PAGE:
Composition scheme has been provided under GST so that small taxpayers (upto a defined turnover) can conduct business with simpler compliances. One of the major demerit condition provided under this scheme is that the person opting for this scheme cannot engage in making any inter-state supplies. Thus, the trade has been restricted to the boundaries of a state for small players who seek to avail the benefits of this scheme. It will be good if the government can do away with this condition and allow inter-state transactions for businesses who have opted for composition scheme. Additionally, the composition scheme is only applicable to traders, manufactures and specified services (restaurants). It is urged that all service providers should also be allowed to opt for composition scheme. The Modi government can look into this in Budget 2018.

Also read: Budget 2018 and GST: 4 concerns Arun Jaitley may address even as indirect taxes remain out of bounds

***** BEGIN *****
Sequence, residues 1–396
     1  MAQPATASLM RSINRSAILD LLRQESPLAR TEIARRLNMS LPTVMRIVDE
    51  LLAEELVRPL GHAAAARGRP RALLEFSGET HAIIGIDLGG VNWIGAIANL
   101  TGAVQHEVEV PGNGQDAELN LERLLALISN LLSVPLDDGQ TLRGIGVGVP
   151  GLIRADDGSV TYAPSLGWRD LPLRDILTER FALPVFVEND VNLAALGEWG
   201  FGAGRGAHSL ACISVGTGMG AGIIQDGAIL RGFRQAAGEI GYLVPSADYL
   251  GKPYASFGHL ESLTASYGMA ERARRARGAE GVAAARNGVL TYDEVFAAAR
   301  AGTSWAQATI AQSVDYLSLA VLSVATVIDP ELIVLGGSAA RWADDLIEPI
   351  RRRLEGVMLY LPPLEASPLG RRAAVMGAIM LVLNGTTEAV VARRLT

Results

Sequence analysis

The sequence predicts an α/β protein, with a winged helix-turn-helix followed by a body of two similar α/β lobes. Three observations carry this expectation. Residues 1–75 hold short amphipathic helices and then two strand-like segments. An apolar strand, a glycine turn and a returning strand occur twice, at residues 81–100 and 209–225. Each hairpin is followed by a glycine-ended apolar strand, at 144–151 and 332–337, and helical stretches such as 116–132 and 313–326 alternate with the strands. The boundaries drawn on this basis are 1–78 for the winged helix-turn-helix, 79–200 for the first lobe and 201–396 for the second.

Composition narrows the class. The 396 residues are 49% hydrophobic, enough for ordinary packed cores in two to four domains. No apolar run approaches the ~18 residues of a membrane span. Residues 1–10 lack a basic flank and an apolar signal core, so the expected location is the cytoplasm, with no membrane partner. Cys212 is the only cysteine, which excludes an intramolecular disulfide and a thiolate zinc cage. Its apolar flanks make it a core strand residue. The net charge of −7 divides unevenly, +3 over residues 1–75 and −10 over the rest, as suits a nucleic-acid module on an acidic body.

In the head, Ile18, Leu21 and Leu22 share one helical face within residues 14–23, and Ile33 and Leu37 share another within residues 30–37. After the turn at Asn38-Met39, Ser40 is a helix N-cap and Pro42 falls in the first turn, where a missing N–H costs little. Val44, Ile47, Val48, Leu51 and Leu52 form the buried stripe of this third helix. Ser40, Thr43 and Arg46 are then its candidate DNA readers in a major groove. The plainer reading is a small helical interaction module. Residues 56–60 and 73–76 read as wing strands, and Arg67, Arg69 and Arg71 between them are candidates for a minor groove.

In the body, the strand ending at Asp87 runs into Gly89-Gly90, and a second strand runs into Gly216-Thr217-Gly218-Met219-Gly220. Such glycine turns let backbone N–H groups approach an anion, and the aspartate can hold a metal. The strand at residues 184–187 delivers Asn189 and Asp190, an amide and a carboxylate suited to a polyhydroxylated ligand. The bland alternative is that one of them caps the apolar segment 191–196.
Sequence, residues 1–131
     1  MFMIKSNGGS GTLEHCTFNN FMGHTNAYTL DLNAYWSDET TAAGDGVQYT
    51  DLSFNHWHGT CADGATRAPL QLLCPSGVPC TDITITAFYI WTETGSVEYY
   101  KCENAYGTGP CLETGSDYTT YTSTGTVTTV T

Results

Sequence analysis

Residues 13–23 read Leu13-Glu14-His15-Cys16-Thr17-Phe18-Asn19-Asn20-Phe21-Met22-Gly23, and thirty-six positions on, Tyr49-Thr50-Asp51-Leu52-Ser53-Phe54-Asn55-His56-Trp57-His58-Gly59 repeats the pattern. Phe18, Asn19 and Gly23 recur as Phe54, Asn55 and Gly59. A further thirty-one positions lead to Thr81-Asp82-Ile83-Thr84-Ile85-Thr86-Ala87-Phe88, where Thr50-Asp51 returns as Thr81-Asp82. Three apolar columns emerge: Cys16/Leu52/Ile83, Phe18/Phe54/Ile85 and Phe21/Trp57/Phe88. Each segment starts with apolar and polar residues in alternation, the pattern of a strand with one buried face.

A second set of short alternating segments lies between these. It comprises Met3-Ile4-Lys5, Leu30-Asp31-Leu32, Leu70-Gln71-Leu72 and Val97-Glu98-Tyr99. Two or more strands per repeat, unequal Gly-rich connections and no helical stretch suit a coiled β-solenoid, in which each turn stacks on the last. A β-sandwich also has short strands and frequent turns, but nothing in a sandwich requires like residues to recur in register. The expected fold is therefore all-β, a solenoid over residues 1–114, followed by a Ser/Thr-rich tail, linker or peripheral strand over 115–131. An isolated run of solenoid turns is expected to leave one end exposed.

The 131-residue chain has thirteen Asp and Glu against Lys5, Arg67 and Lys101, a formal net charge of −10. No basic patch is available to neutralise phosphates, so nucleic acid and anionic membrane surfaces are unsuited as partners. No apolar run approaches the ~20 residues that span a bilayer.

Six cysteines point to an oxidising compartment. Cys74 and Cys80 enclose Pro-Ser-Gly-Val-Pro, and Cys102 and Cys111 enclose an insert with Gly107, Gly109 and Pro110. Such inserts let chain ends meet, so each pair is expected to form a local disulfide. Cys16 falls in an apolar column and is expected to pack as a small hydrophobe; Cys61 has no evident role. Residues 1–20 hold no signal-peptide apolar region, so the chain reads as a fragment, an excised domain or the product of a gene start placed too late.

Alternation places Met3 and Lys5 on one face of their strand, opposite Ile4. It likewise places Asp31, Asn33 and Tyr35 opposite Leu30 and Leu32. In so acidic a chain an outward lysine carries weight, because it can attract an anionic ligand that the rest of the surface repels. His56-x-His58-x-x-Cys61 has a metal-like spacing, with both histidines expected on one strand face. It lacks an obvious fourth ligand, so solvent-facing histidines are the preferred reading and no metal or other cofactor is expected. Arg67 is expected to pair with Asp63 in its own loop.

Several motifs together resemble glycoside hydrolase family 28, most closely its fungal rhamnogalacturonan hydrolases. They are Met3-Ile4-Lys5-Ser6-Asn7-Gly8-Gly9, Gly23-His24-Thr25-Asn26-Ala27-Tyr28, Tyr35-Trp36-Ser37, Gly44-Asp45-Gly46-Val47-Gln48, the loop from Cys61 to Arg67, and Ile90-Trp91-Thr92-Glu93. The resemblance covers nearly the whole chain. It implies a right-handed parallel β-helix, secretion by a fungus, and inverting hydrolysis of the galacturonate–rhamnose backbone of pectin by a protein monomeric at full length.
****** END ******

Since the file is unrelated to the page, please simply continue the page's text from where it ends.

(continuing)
2. Ease of filing of GST returns

The exiting formats of the GST returns are same for all the tax payers irrespective of their turnover or scale of operations. In the existing format of the GST returns, the information required to be furnished is quite vast and it consumes a majority of the productive time of small players. In order to provide relief to small businesses, government should come up with a simplified form for GST returns (such as requirement to provide invoice series could be done away) so that they spend less time in filing the GST returns and concentrate on their business. Further, it is recommended that instead of taking invoice level details on monthly basis, government should provide relaxation to the small traders by requiring them to furnish a consolidated invoice level details in the annual return to be filed at the end of the year or during assessment. Alternatively, small traders may provide a declaration to their customers stating that they have made sales to them during the year basis which their customers can take the credit. FM Jaitley should look into it in Budget 2018.